by Rachel Abbey McCafferty
Her best friend in fourth grade had her left pinky; her high school boyfriend her right earlobe. She had given her husband her right kidney and taken his left kneecap; her sister had hers. She had tried to give her mother her right lung and her father her left hand, but they wouldn’t take them. Instead, she now had two livers and a spare spleen.
When her daughter arrived, pink and screaming, she gave up her right ventricle, her frontal lobe, her left hip. When she was three, she offered her right palm; when she was five, her left arm.
The woman did not notice the lack — learned to lift with her right arm, think from the back and pump pump pump from the left — and evolving, went on with her life — its ins and outs, its stops and starts, its march ever forward.
And then one day she awoke to find a flower where her palm had been, a vine in place of her arm. The woman felt an unfolding — in her heart, her brain, her hip — a blossoming, a becoming, a taking root.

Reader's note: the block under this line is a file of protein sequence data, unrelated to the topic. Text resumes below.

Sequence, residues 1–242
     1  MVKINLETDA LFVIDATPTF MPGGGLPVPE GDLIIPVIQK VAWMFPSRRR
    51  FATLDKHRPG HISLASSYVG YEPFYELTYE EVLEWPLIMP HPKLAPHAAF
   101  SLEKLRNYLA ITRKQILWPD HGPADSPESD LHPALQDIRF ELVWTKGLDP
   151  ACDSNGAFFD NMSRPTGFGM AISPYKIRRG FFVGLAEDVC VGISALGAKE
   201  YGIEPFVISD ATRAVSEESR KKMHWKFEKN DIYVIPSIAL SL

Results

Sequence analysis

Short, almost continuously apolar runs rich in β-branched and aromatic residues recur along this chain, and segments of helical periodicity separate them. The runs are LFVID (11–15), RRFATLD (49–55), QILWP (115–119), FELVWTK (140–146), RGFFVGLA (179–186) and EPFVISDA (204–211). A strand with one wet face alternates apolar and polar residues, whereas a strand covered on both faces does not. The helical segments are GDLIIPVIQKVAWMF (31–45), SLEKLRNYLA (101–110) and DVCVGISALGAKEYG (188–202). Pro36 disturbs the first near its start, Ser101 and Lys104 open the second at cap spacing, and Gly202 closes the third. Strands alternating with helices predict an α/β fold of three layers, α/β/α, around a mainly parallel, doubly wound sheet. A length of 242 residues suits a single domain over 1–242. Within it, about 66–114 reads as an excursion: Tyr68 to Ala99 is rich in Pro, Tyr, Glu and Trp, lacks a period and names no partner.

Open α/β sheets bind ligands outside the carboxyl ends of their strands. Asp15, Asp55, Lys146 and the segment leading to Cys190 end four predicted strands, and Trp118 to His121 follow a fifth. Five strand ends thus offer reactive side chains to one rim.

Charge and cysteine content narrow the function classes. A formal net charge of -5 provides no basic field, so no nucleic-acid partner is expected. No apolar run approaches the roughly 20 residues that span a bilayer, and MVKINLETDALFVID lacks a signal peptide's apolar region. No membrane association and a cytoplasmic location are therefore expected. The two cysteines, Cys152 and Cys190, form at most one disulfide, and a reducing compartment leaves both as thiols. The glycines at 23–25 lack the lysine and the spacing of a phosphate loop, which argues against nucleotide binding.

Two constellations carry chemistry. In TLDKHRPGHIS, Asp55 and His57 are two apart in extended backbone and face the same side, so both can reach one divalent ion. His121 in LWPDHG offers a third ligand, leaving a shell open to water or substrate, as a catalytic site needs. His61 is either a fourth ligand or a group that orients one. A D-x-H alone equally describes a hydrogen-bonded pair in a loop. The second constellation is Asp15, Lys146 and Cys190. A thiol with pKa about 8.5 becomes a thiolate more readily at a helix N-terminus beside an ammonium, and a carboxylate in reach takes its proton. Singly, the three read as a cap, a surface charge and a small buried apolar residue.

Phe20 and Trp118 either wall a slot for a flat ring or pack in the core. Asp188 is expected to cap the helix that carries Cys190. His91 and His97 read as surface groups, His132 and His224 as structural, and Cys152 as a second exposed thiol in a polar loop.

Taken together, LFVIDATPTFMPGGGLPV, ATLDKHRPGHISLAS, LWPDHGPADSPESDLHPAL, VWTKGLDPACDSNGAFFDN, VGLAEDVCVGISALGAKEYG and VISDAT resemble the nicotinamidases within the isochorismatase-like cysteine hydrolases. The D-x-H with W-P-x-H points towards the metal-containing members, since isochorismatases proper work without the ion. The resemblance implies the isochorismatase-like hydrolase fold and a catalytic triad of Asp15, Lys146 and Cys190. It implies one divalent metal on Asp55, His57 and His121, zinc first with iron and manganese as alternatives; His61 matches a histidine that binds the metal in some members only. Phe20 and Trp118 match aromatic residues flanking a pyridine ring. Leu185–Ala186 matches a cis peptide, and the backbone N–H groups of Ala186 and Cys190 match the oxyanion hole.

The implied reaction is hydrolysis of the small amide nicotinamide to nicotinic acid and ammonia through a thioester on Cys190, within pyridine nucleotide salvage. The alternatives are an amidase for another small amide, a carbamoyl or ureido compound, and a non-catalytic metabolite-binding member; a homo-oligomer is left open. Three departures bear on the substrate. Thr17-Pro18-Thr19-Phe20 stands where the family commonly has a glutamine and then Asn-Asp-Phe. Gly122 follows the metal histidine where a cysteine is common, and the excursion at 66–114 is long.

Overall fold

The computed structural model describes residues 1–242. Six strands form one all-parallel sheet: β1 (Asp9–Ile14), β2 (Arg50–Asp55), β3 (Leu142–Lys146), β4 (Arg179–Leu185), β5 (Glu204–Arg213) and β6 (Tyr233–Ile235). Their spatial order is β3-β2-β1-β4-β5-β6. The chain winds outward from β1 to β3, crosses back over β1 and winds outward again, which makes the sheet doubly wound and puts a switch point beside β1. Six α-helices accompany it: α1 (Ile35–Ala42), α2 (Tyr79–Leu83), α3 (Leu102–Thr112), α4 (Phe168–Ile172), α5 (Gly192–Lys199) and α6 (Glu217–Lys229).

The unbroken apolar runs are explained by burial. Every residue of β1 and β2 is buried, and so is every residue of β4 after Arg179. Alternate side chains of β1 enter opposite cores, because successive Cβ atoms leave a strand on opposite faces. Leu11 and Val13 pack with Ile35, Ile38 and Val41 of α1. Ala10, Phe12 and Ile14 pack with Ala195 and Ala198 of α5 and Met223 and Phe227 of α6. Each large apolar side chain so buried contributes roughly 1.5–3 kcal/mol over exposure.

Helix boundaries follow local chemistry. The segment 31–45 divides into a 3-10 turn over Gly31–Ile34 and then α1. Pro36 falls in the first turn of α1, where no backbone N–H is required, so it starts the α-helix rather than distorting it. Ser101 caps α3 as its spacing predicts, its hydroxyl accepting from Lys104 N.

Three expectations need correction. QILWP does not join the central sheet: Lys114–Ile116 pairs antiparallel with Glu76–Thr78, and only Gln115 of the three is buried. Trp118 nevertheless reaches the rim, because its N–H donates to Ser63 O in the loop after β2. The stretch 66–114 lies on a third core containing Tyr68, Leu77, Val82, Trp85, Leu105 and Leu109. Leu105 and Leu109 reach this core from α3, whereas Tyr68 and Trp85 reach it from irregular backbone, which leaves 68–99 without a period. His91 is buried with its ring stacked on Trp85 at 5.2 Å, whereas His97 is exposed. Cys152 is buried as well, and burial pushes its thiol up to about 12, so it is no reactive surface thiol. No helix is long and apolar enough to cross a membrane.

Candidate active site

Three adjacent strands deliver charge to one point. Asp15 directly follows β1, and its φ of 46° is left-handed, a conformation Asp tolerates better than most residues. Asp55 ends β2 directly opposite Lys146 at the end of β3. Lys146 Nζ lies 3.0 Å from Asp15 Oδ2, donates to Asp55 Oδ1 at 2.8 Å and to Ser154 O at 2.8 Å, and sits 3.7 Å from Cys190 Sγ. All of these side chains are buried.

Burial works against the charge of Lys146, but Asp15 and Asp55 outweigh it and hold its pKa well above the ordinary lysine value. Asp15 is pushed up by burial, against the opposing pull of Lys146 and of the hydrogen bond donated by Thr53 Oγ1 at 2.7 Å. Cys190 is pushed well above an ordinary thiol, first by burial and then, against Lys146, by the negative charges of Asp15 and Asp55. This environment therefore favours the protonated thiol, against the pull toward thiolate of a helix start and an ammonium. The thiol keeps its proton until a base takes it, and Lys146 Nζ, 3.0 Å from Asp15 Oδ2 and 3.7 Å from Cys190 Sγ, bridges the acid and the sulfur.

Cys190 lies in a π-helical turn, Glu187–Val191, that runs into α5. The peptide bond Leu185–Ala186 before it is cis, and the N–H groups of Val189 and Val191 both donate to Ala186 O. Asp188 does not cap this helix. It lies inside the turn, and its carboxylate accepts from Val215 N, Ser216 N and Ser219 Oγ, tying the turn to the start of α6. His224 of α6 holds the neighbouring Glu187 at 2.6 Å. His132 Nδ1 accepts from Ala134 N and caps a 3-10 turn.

With each piece of herself she gave away — to her colleague, to her neighbor, to the stranger at the store — a tooth, an eye, an ear — flora bloomed anew — a marigold, a lily, a rose. The woman was a garden. She turned her face to the sun whenever possible; she stood out in the rain with no regard for her shoes.
She had never felt so grounded. She had never felt so free.
When at last the woman was a patchwork of vegetation, save for her feet, she walked to the edge of her yard and called for her daughter. She was old now, the child a woman herself, life curling undetected inside.
The woman gazed at the girl — a woman, a daughter, a mother — and smiled, sunlight shining through her eyes. She stepped out of her feet, growing roots that burrowed down deep, soaking up rainwater and minerals and memories. Her arms — outstretched, unfurled, unburdened — her face forever to the sky.
Rachel Abbey McCafferty has been writing since she first learned that was a thing people could do. She’s a newspaper reporter in Ohio whose favorite questions are “what if” and “why.” Her flash fiction has appeared in journals like formercactus, The Ginger Collect and The Cabinet of Heed.